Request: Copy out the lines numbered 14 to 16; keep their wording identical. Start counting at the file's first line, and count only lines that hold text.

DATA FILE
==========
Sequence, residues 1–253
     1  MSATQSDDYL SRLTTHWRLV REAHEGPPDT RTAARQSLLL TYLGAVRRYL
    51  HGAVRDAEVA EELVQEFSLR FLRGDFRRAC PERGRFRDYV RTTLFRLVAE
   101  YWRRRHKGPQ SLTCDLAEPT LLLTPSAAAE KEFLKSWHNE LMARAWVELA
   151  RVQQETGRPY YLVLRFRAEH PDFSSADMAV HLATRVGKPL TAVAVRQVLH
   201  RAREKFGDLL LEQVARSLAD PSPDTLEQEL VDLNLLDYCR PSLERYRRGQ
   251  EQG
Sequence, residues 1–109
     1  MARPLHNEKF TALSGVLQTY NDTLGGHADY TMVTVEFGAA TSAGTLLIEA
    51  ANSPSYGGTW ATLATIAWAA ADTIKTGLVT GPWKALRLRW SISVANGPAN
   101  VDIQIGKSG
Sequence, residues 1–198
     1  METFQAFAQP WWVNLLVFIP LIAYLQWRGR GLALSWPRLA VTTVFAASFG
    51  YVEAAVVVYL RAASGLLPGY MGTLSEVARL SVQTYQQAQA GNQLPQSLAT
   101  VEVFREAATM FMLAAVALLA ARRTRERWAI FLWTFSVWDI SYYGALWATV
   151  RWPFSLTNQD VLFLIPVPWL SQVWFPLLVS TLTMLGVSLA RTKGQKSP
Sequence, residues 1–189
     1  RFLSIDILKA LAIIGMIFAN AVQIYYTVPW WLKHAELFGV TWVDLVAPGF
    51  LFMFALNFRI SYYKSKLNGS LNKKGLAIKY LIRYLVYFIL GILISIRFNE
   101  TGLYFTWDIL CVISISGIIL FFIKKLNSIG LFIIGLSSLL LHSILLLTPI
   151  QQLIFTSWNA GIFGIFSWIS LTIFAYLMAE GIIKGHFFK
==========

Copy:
    51  YVEAAVVVYL RAASGLLPGY MGTLSEVARL SVQTYQQAQA GNQLPQSLAT
   101  VEVFREAATM FMLAAVALLA ARRTRERWAI FLWTFSVWDI SYYGALWATV
   151  RWPFSLTNQD VLFLIPVPWL SQVWFPLLVS TLTMLGVSLA RTKGQKSP